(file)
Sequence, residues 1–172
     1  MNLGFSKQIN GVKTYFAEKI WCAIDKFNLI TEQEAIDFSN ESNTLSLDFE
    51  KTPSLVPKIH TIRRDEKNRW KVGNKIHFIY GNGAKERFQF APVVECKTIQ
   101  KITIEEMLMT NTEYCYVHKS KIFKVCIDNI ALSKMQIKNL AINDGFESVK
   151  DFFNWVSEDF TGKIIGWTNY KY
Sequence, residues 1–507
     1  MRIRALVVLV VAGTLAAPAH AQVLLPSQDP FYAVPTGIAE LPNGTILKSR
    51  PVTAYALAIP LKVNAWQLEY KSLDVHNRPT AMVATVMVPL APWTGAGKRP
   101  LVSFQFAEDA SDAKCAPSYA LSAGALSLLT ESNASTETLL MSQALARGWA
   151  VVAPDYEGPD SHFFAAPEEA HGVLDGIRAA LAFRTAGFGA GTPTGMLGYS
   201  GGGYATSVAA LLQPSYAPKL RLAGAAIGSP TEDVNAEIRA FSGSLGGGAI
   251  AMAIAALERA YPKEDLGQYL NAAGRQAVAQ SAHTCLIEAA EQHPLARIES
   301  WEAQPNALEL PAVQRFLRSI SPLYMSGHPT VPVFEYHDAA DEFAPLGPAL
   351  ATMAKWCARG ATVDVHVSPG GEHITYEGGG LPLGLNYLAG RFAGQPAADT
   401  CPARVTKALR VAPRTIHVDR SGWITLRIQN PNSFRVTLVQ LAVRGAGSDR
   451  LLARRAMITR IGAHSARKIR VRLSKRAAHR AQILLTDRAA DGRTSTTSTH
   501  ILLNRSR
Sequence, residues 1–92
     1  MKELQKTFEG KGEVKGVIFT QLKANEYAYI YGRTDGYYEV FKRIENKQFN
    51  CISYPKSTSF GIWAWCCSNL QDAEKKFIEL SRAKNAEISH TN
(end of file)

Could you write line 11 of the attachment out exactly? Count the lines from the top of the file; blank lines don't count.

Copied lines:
   201  GGGYATSVAA LLQPSYAPKL RLAGAAIGSP TEDVNAEIRA FSGSLGGGAI